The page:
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Debate 2016: Who should be the Houston Astros' first baseman?

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The top candidates gather together on one stage for the first debate of the season.

MODERATOR: Welcome, everyone, to the first debate between the candidates for the Houston Astros' first base position in the 2016 season. Moving from left to right, may I introduce: Incumbent Jonathan Singleton...

SINGLETON: Hi, everyone.

MODERATOR: Golden Spikes Award Winner and top draft pick A.J. Reed...

REED: Yo.

MODERATOR: And the little engine that could, Tyler White.

WHITE: Thank you for having me.

MODERATOR: Well, you sort of forced your way onto our panel. Now, then, on to our first question --

TUCKER: Excuse me...

MODERATOR: Oh, sorry. Ladies and gentlemen, we've invited Preston Tucker to be part of our debate tonight, as well.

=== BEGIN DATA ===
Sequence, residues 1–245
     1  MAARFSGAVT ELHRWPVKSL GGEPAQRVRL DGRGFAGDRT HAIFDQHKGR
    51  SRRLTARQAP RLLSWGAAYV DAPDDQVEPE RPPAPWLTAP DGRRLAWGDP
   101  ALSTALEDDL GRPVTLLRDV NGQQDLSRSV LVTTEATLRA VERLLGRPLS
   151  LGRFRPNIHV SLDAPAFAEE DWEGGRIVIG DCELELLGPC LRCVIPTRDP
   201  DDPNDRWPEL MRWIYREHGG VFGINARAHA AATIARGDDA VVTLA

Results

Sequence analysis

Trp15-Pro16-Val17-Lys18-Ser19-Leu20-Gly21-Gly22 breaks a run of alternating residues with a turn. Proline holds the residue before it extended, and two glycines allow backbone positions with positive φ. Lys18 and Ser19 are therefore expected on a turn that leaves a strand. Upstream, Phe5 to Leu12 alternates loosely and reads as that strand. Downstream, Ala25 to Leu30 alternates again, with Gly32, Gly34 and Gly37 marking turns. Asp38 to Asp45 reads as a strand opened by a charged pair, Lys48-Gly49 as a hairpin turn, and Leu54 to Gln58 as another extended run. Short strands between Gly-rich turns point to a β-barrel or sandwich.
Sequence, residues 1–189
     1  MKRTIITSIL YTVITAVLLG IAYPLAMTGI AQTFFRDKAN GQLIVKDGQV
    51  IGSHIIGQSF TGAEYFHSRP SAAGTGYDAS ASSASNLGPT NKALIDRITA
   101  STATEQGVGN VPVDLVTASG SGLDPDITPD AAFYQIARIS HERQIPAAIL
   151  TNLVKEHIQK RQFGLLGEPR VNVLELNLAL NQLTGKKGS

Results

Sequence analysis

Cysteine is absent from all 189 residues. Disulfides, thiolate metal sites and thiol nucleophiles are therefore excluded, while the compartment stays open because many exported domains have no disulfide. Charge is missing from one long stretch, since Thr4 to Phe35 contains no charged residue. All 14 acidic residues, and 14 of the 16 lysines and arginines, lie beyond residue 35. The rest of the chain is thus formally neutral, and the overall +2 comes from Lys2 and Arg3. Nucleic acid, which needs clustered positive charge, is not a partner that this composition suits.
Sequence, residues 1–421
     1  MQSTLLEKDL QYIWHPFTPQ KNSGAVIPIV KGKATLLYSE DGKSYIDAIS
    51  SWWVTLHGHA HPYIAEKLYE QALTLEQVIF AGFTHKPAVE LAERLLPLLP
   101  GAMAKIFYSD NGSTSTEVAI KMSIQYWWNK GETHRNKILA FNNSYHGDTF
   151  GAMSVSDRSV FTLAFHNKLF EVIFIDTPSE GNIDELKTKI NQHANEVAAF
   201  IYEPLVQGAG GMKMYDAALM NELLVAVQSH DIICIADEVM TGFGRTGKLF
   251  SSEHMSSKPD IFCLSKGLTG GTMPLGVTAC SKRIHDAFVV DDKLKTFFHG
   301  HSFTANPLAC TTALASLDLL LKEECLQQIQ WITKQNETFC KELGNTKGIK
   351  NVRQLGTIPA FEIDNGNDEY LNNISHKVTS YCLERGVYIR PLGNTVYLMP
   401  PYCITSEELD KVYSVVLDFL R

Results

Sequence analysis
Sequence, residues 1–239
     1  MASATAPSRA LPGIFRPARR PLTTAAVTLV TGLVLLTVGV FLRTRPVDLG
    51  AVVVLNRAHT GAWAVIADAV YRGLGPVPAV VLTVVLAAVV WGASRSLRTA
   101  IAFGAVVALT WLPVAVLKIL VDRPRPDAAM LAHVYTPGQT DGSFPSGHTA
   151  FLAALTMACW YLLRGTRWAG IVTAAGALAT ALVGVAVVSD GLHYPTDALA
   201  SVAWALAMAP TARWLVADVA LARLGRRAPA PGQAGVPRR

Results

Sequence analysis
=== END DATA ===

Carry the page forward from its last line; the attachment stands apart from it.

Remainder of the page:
TUCKER: #FeelTheTuck, everybody.

MODERATOR: Yes. Well. Moving on. We'll begin with Mr. White. Fans want to know: What would you do, as the Astros' first baseman, to improve the team on offense?

WHITE: I'm glad you asked. My campaign has been saying the same thing ever since I announced my candidacy. You have to hit, and hit often. Put balls in play. Avoid the strikeout and put balls in play--

SINGLETON: You can't just--

MODERATOR: Mister Singleton, you'll have to wait your--

SINGLETON: You can't just put a ball in play. You're not a shortstop. You're not a center fielder. You're not a catcher. You're a first baseman. You have to put some balls over the wall.